The latest addition to the market is the cool laser. The idea behind this is simple; like your mother telling you to put ice on a burn to help make it feel better. If the skin being treated by the laser can be cooled before, during or after the laser hair removal session, the discomfort will be less and the risk of irritation or burns is less. In my practice this has dramatically improved patient satisfaction with the procedure. Most of my patients now either lay quietly or carry on a relaxed conversation during their laser hair removal session, even when treating potentially sensitive areas. The machine I use has a “dynamic cooling” system built into it. When the laser is fired, a blast of cryogen cools the skin before the laser fires in the same spot. It is quick and essentially painless.
Many combination therapies can safely be performed on the same day as laser hair removal. Facials, massage, endermologie, and many of the wraps, soaks and/or scrubs. What’s safe and what is not?
Any therapy being performed at a site that is separate from the area being treated for hair removal is probably safe. For example, giving a facial while laser hair removal is being performed on the legs or bikini line is not only safe but may help to relax the apprehensive client. Giving a simple moisturizing facial may also help to give a value-added appreciation for the services you are offering. We often perform a quick cleansing facial and then apply a moisture wrap to the client’s face while they receive their laser hair removal. Massage is another safe therapy which can be performed before or after laser hair removal.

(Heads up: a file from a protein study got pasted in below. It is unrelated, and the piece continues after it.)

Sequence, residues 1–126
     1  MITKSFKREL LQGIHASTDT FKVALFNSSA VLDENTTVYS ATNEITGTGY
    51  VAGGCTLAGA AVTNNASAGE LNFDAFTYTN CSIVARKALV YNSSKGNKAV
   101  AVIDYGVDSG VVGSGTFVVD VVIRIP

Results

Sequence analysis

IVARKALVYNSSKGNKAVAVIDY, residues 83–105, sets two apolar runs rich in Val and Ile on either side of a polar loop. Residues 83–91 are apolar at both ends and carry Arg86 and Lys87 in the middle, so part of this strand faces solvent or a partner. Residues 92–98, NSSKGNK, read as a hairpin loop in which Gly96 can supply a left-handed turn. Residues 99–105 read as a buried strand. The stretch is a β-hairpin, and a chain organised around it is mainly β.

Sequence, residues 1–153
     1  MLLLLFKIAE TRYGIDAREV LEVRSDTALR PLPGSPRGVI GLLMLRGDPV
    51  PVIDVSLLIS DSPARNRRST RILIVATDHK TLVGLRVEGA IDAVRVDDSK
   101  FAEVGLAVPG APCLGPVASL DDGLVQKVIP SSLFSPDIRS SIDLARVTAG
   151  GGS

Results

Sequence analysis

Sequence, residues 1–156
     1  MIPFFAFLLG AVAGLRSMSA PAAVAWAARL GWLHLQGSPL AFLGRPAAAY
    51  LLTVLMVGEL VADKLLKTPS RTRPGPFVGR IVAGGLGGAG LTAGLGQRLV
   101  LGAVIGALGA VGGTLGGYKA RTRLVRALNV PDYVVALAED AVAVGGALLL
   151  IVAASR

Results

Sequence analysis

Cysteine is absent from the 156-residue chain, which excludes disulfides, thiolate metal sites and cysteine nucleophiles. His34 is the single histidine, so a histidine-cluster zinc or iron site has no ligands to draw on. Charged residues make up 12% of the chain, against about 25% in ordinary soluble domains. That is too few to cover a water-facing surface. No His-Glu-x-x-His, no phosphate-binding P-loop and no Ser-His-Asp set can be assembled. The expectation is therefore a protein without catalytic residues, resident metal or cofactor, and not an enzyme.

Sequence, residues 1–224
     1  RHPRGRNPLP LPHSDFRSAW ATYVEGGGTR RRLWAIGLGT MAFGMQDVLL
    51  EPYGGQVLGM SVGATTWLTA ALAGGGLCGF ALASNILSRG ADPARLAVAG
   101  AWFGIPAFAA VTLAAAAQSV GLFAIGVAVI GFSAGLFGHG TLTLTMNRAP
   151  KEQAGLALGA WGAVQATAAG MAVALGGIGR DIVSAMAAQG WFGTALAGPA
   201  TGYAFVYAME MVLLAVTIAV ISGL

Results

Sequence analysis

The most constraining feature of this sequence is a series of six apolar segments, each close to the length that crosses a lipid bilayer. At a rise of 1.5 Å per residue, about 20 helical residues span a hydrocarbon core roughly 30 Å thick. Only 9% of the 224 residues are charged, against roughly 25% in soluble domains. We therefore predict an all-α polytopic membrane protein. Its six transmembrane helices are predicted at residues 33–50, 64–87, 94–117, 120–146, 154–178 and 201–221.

There are two good rules of thumb: In general, you can safely perform any of your usual treatments at a site that is different from the laser hair removal site. And if what you’re doing seems to hurt or to be more uncomfortable than usual to the client, then it is probably best performed at a separate session.
Because laser hair removal is typically a pricey service, I offer it as a package with other services, ultimately improving the client’s satisfaction. Word of mouth is the best referral source and to have clients enthusiastically talking about the service they received will more than make up for the “free” facial or massage you have given.
Advice To Live By
Knowledge provides you with the power to make safe and effective choices. Laser centers are popping up everywhere, in shopping malls, spas, salons and doctor’s offices. Be sure the person performing your laser hair removal is knowledgeable, experienced and well-trained. Ask for this information and speak with other patients who have had similar treatments by the person who will be performing your laser hair removal. Find out if a physician will be supervising your treatment or will be available should questions arise. Ask for the name, address and telephone number of their physician in case you have questions or concerns. Find out about the fees they charge, what is included in the fee, how many sessions you will receive, the fee for “touch-ups” and over what period of time will these “touch-ups” be performed. The knowledge you gain by asking questions can help to protect you, physically, emotionally and financially.
You can receive a complimentary information package on any of our cosmetic plastic surgery procedures by writing to Ask the Doctor, c/o David V. Poole, M.D., at 773 Douglas Avenue, Altamonte Springs, Florida 32714 or by calling the Cosmetic Plastic Surgery Information Center Hotline at 407/788-8080 and ask for our patient care coordinator.